Template for developing hospital clinical guidelines

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Description: Typical workflow following admission of a patient to an acute hospital service

Publet Introduction:

Purposes of template

A guideline is a statement of “best practice” for the management of common clinical problems. It may be based on local practice policies, consensus of an authoritative group of authors, or evidence from controlled clinical trials in increasing order of rigour.

The purpose of this template is to provide a generalised structure to assist in the design of a common class of hospitial guidelines that are intended to be computerised using Arezzoâ technology. Often the guideline will initially be prepared as a free text, though carefully structured, document by the original authors, and then provided to the PROforma authors to develop the knowledge base. The specific goals of this template are to ensure that:

  1. the guideline aims, target population and outcome measures are clear
  2. the guideline is systematically structured and documented
  3. safety and audit requirements are fully addressed

and to assist in:

  1. translation of the text guideline to a PROforma knowledge base
  2. reviewing and revising the informal and PROforma guidelines
  3. indexing and maintaining the PROforma guideline library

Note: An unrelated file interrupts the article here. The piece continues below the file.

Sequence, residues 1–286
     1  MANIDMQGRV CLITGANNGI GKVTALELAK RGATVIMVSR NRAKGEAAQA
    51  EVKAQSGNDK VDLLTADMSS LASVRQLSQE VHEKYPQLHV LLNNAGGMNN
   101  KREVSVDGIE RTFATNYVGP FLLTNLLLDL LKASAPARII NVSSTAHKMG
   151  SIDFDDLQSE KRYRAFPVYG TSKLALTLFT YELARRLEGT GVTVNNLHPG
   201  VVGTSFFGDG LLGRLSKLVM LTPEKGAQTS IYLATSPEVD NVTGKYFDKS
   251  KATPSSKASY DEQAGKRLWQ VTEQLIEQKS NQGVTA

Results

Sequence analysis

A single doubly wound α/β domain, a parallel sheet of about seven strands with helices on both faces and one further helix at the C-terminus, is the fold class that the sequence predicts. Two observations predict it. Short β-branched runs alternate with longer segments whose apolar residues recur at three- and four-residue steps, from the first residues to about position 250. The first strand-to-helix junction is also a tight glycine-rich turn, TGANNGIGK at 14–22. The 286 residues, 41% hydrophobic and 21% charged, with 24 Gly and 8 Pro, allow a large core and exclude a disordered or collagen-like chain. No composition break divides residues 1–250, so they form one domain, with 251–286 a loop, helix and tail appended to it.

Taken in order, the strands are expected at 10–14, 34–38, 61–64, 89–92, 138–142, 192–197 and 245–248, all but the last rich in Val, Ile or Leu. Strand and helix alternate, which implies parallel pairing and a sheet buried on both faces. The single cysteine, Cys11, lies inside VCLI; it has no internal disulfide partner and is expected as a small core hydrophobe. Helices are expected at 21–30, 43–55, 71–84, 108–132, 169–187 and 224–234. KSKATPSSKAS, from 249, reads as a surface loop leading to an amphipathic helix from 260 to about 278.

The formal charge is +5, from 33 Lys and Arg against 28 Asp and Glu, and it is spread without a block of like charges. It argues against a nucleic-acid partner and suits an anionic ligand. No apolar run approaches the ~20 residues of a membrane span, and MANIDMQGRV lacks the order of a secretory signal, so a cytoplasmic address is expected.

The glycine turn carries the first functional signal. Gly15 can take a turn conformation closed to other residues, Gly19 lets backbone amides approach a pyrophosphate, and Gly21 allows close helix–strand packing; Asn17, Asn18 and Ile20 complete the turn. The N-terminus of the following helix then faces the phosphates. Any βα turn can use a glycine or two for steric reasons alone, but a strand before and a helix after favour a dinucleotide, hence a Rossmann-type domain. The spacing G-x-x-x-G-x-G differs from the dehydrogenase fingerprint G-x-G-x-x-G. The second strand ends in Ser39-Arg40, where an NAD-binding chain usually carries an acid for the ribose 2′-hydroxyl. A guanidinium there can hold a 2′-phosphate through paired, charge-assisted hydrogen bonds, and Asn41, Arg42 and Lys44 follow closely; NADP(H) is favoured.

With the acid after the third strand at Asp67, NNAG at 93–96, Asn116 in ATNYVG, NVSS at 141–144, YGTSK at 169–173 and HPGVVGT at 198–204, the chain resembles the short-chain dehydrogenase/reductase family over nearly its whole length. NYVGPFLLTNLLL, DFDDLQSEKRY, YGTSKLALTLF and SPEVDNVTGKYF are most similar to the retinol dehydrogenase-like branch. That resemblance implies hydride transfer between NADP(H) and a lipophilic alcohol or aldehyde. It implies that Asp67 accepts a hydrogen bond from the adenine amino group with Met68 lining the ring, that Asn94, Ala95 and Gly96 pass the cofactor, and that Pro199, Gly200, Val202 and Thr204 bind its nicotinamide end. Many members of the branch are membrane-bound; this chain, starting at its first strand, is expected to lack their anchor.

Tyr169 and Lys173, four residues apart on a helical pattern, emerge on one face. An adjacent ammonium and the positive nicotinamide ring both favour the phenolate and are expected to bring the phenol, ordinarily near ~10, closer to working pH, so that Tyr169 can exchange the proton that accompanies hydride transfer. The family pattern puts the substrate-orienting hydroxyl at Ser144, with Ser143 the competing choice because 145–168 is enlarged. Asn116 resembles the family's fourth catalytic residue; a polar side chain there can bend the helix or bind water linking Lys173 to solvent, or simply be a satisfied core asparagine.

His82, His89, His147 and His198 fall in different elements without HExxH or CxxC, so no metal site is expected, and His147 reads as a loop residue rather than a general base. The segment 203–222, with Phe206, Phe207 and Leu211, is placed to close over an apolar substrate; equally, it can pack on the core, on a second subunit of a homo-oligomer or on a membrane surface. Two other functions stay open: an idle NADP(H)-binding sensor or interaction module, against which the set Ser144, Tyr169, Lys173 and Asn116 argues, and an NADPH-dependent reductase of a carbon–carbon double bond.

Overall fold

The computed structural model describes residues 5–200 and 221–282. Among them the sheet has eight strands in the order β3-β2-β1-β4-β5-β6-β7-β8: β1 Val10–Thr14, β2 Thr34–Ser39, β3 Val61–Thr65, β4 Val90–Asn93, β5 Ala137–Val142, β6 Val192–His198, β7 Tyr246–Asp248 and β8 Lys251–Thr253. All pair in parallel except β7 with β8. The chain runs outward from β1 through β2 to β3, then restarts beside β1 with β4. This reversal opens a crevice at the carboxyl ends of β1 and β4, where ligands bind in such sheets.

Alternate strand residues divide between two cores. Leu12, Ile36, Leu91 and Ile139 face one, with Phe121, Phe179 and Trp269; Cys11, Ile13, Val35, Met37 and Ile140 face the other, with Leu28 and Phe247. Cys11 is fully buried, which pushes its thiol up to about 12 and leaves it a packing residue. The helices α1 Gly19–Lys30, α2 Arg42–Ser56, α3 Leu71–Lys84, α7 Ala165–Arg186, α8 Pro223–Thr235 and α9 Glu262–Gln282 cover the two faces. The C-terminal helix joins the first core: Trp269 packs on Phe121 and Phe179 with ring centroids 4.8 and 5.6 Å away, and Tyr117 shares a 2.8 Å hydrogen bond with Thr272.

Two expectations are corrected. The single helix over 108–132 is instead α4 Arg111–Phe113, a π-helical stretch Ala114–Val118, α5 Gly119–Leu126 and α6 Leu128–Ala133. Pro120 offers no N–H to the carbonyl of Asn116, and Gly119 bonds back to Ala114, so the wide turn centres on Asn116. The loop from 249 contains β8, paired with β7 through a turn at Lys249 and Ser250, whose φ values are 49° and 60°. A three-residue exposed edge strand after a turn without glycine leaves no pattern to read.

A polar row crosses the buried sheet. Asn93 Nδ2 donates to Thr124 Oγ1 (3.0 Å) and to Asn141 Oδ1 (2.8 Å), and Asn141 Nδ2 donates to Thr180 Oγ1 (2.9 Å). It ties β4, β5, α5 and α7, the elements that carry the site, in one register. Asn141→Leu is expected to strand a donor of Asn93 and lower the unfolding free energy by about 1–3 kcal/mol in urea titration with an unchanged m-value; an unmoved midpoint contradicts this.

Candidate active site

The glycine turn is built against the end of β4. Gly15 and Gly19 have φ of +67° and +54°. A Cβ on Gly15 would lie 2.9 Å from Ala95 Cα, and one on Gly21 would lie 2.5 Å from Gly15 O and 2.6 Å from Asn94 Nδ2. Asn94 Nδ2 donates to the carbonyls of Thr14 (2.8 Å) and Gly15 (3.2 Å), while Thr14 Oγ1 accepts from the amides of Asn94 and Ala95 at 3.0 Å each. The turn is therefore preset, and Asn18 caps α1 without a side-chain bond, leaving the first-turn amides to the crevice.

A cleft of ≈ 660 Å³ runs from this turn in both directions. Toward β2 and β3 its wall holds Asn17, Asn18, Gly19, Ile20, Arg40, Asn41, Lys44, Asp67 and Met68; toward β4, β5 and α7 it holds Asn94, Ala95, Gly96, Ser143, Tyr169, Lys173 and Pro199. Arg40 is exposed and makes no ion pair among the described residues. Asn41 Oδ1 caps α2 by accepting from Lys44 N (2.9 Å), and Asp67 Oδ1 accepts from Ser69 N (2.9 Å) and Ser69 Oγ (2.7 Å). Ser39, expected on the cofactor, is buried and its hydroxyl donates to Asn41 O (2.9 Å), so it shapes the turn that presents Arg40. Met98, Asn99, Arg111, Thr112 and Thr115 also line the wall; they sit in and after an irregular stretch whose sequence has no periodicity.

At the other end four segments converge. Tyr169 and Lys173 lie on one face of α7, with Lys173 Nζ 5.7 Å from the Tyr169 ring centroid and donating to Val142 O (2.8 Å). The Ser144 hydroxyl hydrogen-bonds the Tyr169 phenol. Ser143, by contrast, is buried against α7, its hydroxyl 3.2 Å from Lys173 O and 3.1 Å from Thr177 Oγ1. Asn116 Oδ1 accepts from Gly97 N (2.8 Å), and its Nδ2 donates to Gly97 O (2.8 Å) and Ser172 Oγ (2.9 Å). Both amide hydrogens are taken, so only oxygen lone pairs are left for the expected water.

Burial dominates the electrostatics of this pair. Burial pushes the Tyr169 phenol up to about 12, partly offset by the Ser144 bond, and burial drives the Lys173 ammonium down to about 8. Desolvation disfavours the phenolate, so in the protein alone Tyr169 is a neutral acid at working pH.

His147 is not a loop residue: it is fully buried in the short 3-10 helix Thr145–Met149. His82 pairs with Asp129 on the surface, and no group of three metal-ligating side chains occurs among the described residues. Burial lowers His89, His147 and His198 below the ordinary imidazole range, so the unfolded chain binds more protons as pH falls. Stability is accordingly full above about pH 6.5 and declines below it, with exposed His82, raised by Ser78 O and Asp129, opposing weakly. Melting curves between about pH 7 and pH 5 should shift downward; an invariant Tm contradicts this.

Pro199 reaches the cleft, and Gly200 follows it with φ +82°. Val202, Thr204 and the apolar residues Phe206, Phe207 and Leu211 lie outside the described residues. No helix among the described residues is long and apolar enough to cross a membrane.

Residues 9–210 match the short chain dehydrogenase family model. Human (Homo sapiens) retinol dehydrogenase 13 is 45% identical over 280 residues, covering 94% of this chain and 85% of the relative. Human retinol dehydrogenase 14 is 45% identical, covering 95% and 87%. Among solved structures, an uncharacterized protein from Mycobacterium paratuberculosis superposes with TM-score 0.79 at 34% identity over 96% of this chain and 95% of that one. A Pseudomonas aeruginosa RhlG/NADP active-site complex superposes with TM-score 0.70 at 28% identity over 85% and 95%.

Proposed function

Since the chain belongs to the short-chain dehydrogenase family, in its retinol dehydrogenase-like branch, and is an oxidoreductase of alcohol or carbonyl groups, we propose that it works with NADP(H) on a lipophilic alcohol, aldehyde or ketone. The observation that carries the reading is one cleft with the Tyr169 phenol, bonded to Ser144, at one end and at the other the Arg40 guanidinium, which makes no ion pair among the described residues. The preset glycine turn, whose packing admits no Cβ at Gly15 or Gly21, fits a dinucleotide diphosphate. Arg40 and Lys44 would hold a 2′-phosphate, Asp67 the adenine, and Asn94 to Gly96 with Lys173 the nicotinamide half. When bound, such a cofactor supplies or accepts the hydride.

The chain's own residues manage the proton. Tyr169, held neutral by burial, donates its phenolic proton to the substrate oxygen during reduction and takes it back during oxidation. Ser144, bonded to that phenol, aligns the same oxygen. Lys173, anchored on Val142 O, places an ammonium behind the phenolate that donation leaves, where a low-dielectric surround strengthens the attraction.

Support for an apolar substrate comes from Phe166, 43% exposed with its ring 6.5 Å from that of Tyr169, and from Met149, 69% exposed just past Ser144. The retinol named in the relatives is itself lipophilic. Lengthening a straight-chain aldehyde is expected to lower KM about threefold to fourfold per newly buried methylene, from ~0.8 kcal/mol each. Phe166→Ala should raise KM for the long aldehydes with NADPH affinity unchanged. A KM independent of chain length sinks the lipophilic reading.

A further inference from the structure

Proposed template for common hospital guidelines

Preamble to guideline

Clinical objectives. Statement of the clinical, resource management or other aims of the guideline.

Target population. Characteristics of the target population (age, sex, new patients etc) who are likely to be eligible for use of the guideline.

Outcome measures. The clinical, cost or other parameters against which the success of the guideline is to be judged and which need to be recorded during execution of the procedure.      

Context of use. Who will use the guideline (e.g. GP, nurse, practice manager, receptionist, pharmacist).

Procedures for use. A description of the conditions under which the guideline will be used (e.g. during the patient encounter; before/after the patient sees the doctor; in the patient’s home etc.)

Associated documents. Any information available on computer or in paper documents which were used in the preparation of the guideline and are available for consultation by the user of the guideline.

Status of guideline. One of: practice policy; consensus; evidence-based, and any further comments or significant qualifying remarks. (NB each component of the guideline may depend on opinion, consensus or evidence.)

Version: A clear identifier for the guideline, its date (creation, last revision) and version number.

Review date: Should be reconsidered on a specific date or following a specific anticipated event.

Authors: Names and contact details of the guideline authors. 

Definition of guideline services

Indications. Statement of situations in which the guideline would be considered for use (e.g. diagnosis, emergency).